There is also a shop name Lunzers in Vienna. What’s unique about this shop is you are not going to feel confused with many options of one kind of item. There’s only one or two alternatives, selected by a member of a righteous cognoscenti.
The focus of these shops is not only being a zero-waste one stop shopping by selling food and household supplies in bulk, but also support other sustainability cause. For example, carbon emission. A shop named Effecorta in Capannori, Italia sells local products. 80% of what they sell come from places in 70km radius of Capannori municipality. Many of them are organic too. The aim is to sell local products up to 95%.
Other cause they support is to reduce food waste. As they sell product in bulk, it allows every costumer to buy only what they need or want and in the amount they need. If you only like certain grains and dried fruit in your breakfast, you don’t have to compromise in the same way as buying a premix from ordinary shop. They treat the customers to shopping experience in a curated space in a fun way.
In USA you could also find this kind of shops. Such as Package Free in Brooklyn, the Fillery, which also in Brooklyn and By the Pound in Ann Arbor, Michigan. All you have to remember is to bring food containers when you shop. But if you forget, you could buy one in the store.
The point of these shops and the lifestyle are not just reducing packaging waste. But maximize the elimination of packaging be it paper or plastic and be more eco-friendly. The products are all eco-friendly. Bamboo toothbrush, bamboo cup, organic cleaner, and toilet paper made of bamboo is to name a few.
Not only small, indie shops that support the lifestyle. Swedish furniture company, Ikea, plans to approach zero waste by 2020. Nestle announced that all 23 of its US factories made it to zero waste in 2015.
This changes according to Johnson, is made because customers demand it. “The most important thing is to understand the power of buying. Every time you buy, that’s a vote. You have the power to support a practice that is either sustainable or not.”
Zero Waste Blogs
If you are intrigued to try but have no zero-waste shops in your neighborhood, you could visit zero waste blogs. These blogs run by the leaders of the lifestyle such as Lauren Singer of Trash is for Tossers and founder of Package Free, Celia Ristow of Litterless and Founder of Zero Waste Chicago, Ariana Schwards of Paris To Go, Kathryn Kellogg of Going Zero Waste and of course Beau Johnson of Zero Waste Home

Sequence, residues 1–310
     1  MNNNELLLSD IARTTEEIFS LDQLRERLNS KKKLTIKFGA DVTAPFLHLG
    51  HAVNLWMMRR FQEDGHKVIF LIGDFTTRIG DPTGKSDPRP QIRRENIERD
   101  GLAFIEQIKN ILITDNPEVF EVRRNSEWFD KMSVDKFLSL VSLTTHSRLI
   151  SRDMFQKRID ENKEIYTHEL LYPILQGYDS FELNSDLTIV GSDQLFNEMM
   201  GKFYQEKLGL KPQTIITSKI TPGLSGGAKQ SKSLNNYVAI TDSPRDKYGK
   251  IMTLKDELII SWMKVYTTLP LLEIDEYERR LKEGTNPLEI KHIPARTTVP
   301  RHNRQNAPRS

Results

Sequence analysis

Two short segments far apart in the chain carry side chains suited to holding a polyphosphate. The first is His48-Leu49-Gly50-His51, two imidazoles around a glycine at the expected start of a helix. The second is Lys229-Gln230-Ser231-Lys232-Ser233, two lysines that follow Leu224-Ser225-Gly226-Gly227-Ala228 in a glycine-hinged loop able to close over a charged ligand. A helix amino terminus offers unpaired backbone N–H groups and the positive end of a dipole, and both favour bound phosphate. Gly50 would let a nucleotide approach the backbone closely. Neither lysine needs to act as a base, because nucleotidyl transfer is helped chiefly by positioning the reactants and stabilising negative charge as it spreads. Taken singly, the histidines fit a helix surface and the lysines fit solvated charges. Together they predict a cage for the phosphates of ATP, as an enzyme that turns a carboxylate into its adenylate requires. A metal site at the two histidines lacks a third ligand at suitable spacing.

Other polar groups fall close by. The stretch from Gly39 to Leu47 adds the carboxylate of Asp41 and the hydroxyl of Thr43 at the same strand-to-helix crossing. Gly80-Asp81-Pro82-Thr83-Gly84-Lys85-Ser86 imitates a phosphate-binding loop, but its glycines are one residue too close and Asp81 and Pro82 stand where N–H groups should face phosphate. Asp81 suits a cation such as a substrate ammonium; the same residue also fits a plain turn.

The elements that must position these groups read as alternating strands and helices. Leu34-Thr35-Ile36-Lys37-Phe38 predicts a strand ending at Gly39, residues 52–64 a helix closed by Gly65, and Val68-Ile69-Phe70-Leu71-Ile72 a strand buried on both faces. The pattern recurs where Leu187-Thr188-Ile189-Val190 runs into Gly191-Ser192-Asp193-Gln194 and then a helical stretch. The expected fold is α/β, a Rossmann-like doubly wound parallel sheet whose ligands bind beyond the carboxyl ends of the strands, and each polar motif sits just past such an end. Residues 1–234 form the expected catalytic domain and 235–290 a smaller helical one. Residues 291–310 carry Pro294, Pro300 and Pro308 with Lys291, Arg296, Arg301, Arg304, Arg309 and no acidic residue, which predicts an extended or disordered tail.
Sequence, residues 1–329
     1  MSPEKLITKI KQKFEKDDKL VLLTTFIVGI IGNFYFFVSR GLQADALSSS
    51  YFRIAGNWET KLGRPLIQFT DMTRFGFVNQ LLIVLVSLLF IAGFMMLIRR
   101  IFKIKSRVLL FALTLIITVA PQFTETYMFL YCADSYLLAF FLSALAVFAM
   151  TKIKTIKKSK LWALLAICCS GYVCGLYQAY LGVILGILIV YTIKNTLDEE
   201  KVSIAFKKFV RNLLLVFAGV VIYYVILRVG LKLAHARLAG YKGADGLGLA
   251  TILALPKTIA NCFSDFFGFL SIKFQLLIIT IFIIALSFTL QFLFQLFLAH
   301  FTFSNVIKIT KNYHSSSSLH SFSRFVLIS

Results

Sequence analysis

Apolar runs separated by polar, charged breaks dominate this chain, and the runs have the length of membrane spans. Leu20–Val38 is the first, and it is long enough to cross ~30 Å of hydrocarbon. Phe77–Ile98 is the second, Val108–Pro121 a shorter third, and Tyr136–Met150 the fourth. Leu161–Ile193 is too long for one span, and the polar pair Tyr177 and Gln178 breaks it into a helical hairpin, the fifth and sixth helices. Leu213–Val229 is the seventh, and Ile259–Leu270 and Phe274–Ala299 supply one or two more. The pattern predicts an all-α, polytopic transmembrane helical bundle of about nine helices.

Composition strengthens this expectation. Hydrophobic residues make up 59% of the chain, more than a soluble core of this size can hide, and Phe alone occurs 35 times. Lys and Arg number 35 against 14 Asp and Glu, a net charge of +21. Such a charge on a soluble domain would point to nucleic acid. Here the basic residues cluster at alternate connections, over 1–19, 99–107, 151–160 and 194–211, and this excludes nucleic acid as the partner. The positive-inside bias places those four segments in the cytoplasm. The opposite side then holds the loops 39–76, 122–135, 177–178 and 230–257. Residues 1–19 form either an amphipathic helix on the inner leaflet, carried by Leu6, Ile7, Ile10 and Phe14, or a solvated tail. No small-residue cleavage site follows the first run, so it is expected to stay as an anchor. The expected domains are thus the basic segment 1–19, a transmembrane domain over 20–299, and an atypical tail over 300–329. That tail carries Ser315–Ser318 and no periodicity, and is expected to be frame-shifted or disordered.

These blogs, just to name a few is your baby steps to zero waste lifestyle. The blogs are full with tips of DIY, food recipes, cleaning, toiletries, beauty and fashion. Even travel. They talk the talk and walk the walk. Sharing their own experiences of living zero waste and how the answer the challenges. Rest assured that you get the best advice from the best in this from them.
The existence of these shops and blogs are major help for people to make a sustainable choice. If you up for the challenge, Singer has proven herself that in over four years the rubbish she has produce could fit in a half liter mason jar. That is mind blowing especially in nowadays it hardly possible for common people to not create more than one rubbishes a day. Let along to fit it in a small jar.
To live zero waste is possible. As long as the resource of products are accessible. Similar to what Silverstein said, “what I’ve found is that people are perfectly willing to make that sustainable choice when it’s easy and accessible to them. Having the knowledge of the lifestyle and to make a better choice and DIY without creating waste would be a great help too